Diver Safety Series
By Dr. Naomi Ross - UCBC Safety Advisor
Vomiting underwater is a serious issue as it has been found to initiate or complicate 10% of Diver Fatalities.
Vomiting can be divided into three stages:
there is increased salivation, and the stomach relaxes while the small intestine contracts, meaning the contents of the small intestine are forced into the stomach.
the glottis consists of the vocal cords and the slit between them. The glottis closes over the opening from the throat into the lungs. This is to protect the person from breathing the vomit (aspiration). This also means that no air can enter or be released from the lungs.
the lower esophageal sphincter (a valve between the esophagus and stomach) is normally closed to prevent stomach contents from going into the esophagus. In the puking stage, the sphincter relaxes and the bottom part of the stomach contracts, meaning stomach contents are pushed up the esophagus and out through the mouth.
Vomiting underwater is particularly dangerous for two reasons:
1. When a person is retching or vomiting, the glottis is preventing air from being released from the lungs, meaning there are the same risks to the diver as holding breath if he starts to ascend: pulmonary barotrauma or arterial gas embolism.
2. A vomiting person is not breathing, and there is a reflex to take a large breath after vomiting. Under water, this presents obvious risks.
While there are many causes for nausea and vomiting, the most common while diving are seasickness and salt water aspiration. Salt water aspiration usually occurs while surface swimming or snorkeling. It can also come from a leaking exhaust valve in the second stage of the regulator.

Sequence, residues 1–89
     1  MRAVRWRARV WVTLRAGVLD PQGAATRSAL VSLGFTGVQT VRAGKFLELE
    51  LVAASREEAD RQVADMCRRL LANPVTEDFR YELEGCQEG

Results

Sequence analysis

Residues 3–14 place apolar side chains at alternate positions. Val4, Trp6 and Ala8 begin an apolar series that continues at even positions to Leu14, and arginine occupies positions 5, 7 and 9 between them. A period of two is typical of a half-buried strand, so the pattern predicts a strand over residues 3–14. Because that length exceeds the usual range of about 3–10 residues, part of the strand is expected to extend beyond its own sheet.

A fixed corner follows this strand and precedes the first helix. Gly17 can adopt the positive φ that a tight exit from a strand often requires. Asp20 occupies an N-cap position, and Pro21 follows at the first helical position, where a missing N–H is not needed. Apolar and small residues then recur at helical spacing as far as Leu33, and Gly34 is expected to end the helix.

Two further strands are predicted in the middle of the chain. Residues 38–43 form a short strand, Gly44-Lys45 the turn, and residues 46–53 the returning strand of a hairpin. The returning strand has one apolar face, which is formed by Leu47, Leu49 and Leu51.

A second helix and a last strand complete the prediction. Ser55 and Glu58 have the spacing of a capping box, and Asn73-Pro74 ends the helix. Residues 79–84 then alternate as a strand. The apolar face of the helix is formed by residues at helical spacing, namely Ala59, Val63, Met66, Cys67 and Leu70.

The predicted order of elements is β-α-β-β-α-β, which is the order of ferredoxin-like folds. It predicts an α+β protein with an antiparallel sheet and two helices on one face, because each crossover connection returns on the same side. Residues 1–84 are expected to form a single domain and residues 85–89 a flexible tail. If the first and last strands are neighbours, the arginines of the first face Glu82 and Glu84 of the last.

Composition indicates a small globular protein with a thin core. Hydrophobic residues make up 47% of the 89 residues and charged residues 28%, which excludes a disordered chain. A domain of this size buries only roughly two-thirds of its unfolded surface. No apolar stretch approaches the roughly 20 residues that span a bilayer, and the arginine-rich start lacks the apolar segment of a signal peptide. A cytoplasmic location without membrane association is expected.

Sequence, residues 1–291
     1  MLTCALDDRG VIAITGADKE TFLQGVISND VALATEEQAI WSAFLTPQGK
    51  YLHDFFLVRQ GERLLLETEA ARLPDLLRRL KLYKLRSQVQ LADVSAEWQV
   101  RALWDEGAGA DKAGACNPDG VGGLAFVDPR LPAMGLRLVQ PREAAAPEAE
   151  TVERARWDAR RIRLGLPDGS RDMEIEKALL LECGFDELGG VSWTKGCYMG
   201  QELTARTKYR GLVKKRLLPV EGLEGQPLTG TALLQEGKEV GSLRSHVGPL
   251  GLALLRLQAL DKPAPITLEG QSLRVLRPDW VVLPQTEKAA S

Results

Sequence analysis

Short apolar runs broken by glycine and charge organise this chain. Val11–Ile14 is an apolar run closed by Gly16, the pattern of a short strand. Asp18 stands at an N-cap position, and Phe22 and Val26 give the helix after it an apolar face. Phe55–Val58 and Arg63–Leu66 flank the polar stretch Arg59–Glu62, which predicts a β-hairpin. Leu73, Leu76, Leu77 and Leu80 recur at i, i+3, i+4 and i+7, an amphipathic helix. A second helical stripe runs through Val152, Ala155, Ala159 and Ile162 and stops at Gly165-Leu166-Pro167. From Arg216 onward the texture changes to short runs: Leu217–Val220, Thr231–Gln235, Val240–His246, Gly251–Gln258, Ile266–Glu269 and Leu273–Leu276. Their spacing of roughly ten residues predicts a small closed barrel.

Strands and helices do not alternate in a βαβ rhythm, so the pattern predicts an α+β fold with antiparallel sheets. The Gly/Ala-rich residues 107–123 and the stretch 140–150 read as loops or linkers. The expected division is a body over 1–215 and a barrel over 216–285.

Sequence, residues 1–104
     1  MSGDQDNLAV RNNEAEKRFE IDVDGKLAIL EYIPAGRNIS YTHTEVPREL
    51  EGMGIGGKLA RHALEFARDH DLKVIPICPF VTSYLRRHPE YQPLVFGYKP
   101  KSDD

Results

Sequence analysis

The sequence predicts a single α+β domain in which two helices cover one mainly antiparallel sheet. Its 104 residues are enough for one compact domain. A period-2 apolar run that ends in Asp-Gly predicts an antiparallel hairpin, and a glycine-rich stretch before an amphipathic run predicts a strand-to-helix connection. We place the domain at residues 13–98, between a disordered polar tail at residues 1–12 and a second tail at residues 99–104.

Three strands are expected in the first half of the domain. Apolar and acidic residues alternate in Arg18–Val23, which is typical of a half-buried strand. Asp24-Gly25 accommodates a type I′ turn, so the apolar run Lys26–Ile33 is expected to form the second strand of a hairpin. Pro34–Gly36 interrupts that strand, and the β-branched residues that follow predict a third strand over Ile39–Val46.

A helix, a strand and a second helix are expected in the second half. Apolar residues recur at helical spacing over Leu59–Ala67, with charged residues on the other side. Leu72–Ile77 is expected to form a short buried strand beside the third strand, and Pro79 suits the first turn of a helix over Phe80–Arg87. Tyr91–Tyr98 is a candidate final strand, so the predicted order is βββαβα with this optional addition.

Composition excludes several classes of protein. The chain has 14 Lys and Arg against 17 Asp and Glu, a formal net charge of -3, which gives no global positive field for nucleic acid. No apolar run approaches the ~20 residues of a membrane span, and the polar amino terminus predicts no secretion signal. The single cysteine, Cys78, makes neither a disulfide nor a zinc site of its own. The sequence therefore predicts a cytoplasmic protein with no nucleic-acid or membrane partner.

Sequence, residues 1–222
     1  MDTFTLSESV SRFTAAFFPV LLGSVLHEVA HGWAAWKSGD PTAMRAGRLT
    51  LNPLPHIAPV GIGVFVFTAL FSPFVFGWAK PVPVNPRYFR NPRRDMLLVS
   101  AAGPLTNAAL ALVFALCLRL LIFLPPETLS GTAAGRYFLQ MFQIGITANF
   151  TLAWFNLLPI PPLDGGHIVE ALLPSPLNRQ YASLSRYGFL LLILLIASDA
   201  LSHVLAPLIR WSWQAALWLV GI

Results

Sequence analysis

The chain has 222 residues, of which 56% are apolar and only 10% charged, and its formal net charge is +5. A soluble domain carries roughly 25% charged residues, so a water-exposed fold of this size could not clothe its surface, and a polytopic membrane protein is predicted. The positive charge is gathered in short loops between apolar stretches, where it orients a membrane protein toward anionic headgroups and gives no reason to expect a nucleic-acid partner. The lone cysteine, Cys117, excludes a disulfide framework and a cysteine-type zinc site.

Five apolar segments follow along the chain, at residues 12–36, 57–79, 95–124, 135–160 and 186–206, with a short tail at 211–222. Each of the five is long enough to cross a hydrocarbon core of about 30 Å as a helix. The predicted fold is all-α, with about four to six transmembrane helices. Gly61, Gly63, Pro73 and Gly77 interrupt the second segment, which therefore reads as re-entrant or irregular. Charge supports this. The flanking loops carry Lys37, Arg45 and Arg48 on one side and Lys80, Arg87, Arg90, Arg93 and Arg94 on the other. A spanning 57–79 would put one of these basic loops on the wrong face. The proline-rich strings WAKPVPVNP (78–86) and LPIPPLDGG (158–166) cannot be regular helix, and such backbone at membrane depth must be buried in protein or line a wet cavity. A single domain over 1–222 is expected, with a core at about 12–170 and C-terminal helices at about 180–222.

The best thing to do for vomiting underwater, is to avoid it.
If you don’t feel well, cancel the dive.
If you were well enough when you went into the water, but become nauseous while down there, attempt to safely ascend.
However, once you start retching, stop ascending to avoid pulmonary barotrauma.
Once vomiting starts, there are two choices:
1. Vomit through the regulator.
This is the best choice if the stomach contents are well-digested (last meal was a few hours ago, or the food was well-chewed). This prevents aspiration at the time of the reflex deep breath post-vomiting. However, there is potential for larger food chunks to get caught in the second stage of the regulator. This means that if your buddy isn’t right there to help you, you need to grasp for your octopus during, or immediately after vomiting.
2. Remove the regulator from your mouth.
The danger is taking the reflex deep breath before having a chance to put the regulator back in the mouth and purge it.
After vomiting, consider the dive over.
Profound fatigue can follow the episode. (even though you now have a great photography moment as the fish swarm in to clean up the vomit)
Preventing the vomiting cycle:
- • Keep yourself fit.
- • Drink lots of water before and between diving.
- • Get adequate sleep before the dives (you can do all night parties at home rather than risk compromising your dive trip)
- • Avoid excessive alcohol use (ditto, you can party at home)
- • Eat light meals and avoid spicy food and fatty food. Remember to take extra care to fully chew all the food
- • Stay on deck to breathe fresh air and keep your eyes on the horizon
- • Over-the-counter medications such as Gravol (side effect is drowsiness)
- • Natural products such as ginger
- • Wrist bands: work by putting pressure on an acupuncture spot on the inside of the wrists
- • Scopolamine patches: applied behind the ears. Side effects are dry mouth and blurry vision, and they may not stay on after being in the water
- • Prescription medications such as promethazine (Phenergan) which is not available in Canada or Serc (which is more for the dizziness factor of sea-sickness, but can have gastrointestinal side effects and cause headaches)